Despite the do not call registry, many telemarketers still bother people. Here’s one novel solution for this with the technology know-how.
Roger Anderson decided that telemarketers deserved a crueler fate, so he programmed an artificially intelligent bot that keeps them on the line for as long as possible.
Anderson, who works in the telecom industry and has a better understanding of how telemarketing call-in techniques work than most, first created a call-answering robot that tricked autodialers into thinking there was an actual person answering the phone.
I have a few travel days this week, so there will be light posting the rest of the week.
Here’s a compendium of 100 famous jokes from famous comedians going back to 1906. Many include videos.
Abbott: Who is on first.
Costello: I’m asking you who’s on first.
Abbott: That’s the man’s name.
Costello: That’s who’s name?
When market indexes are moving in one direction, investors often overlook what’s happening within the indexes. Last year, there was a bear market in most stocks. Most investors didn’t notice because indexes were up through August, declined for a couple of months, and recovered for small gains by year end. This year, the major indexes are down but there’s some interesting moves within sectors. Energy stocks and utilities, for example, are up. It’s technology that’s taking a real beating. Details are here.
As Jim Paulsen, chief investment strategist at Wells Capital Management, pointed out in a note to clients on Friday, “Quite surprisingly, even though fears surrounding China, oil prices and a global manufacturing recession are still touted as the foremost investor anxieties, the main sectors comprising these fears (i.e., Emerging markets, Energy, Materials and Industrials) have all “outperformed” the overall S&P 500 Index so far this year.”
Energy master limited partnerships have taken a beating over the last year. In theory, they shouldn’t be hurt by declining oil prices, because the energy services they provide are compensated for flat fees independent of the price of oil. Some analysts say recent prices are a good buying opportunity, and yields are 10% or higher. But an article in this week’s Barron’s (subscription might be required) says there is more pain to come in MLPs. The analyst who forecast today’s problems in MLPs back when all the other analysts were positive says most MLPs have too much debt, have overinvested in infrastructure, and engage in aggressive accounting. He also says they face a long-term downturn in energy production, rising competition, and the risk that the energy firms with which they contract will fail to meet their obligations. He believes we’re in the early phase of the MLP downturn.
“For MLPs to be more compelling investments, the sector has to absorb more pain, and that pain has to come in the form of distribution reductions,” he tells Barron’s. (Distributions are the MLP form of dividends.) “That’s the way the sector is going to solve its leverage problem. Cutting distributions is the right decision for an overleveraged industry entering a downturn.” MLPs are loath to cut distributions because investors, mostly retail buyers, prize those payouts and punish companies that cut them.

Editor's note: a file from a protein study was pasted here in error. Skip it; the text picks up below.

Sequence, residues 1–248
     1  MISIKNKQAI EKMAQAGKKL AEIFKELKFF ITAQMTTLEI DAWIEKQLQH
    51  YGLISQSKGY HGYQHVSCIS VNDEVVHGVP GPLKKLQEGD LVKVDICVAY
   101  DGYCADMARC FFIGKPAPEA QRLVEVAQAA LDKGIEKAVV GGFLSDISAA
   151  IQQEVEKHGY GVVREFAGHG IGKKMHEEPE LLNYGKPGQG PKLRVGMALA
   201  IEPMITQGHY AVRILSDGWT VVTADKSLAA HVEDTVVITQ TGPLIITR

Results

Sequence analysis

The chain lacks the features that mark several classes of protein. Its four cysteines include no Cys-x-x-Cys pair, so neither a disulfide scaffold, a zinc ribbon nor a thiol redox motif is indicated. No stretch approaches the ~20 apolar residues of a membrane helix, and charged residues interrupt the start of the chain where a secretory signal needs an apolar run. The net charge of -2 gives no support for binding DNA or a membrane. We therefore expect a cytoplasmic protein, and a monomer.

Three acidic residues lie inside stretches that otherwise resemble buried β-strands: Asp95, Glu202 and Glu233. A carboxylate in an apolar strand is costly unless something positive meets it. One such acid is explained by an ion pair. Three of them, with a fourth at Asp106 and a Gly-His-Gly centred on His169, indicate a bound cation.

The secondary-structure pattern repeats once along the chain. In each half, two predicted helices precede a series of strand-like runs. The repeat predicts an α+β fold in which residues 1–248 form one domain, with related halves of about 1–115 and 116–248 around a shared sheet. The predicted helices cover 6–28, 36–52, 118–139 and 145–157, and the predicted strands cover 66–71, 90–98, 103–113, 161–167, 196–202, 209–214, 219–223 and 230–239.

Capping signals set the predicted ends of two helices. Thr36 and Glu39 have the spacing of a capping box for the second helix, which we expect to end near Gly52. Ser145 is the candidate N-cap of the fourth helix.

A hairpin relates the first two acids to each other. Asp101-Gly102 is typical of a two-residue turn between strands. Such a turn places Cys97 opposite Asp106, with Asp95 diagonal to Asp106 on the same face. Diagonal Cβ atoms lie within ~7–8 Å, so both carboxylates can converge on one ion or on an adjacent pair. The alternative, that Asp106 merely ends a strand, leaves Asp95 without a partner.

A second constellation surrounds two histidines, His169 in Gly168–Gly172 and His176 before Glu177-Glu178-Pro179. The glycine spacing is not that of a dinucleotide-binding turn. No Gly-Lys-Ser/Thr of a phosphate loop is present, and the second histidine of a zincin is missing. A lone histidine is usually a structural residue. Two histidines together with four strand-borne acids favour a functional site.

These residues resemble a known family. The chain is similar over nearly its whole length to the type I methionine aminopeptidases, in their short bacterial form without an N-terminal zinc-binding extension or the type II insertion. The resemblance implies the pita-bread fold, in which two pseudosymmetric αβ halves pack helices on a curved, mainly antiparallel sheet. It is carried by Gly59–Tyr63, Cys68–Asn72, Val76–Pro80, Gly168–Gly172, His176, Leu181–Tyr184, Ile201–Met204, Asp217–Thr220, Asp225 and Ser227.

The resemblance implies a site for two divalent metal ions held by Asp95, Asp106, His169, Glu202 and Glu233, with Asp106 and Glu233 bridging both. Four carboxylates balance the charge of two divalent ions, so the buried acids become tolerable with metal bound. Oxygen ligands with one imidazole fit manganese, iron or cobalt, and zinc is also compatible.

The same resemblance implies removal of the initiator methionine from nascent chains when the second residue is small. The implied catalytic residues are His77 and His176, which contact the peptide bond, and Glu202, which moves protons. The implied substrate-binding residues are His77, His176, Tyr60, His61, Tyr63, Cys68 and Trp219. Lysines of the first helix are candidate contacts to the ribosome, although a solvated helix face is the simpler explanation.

Kaiser is coming off his biggest coup, following Kinder Morgan’s surprise move in December to slash its once-sacred dividend by 75%. Its stock, at $15, is down 60% in the past year. Barron’s has been bearish on both Kinder Morgan (ticker: KMI), the leading energy pipeline company, and Linn (LINE). Kaiser’s comments and analysis have figured in our articles on them.
Treasury bonds have done quite well, and high-yield bonds have lost value in recent months. In between are investment-grade corporate bonds. They’ve appreciated some. Recent trends, however, are being interpreted differently by analysts. This article in The Wall Street Journal (subscription might be required) says that some hedge funds are betting against investment-grade bonds now. They believe that the problems in energy and commodities will spread to other sectors of the economy. But this article says that now is a good time to to buy investment-grade bonds. Their yields are at their highest spread to treasury bond yields since the European debt crisis. That’s not because corporate bond prospects are deteriorating, it says, but because treasury yields have declined so much. For now, I’m staying with treasury bonds and letting the recent trends play out a little longer.
The current spread between IG bonds and Treasuries is pricing in an extremely negative outcome. At roughly 200 basis points above the Treasuries, IG bonds are either an attractive asset class or a very large canary in the dungeon of a coal mine that will presage a global recession.
If IG bonds are a decent buying opportunity (properly sized and risk-managed and at longer maturities), it is due to the compression of the U.S. Treasury curve. That is, the reason for the spread widening between bonds and Treasuries is because of curve flattening, not because IG bonds now contain an embedded, previously unknown, asset class risk.
One of the vigorous discussions regarding the problems in China is whether or not the people running China are competent. Everyone knows they are autocratic and anticapitalist. But many people believe China has a bright economic future because its leaders are competent. Unlike the messy processes in democracies, China’s leaders can decide what needs to be done and do it. They don’t have to convince anyone else, compromise, or make deals. The problems over the last year, especially regarding the stock markets and currency, are denting the aura of Chinese competence and causing some to say it always was a myth. Here’s an article that looks into the question in detail.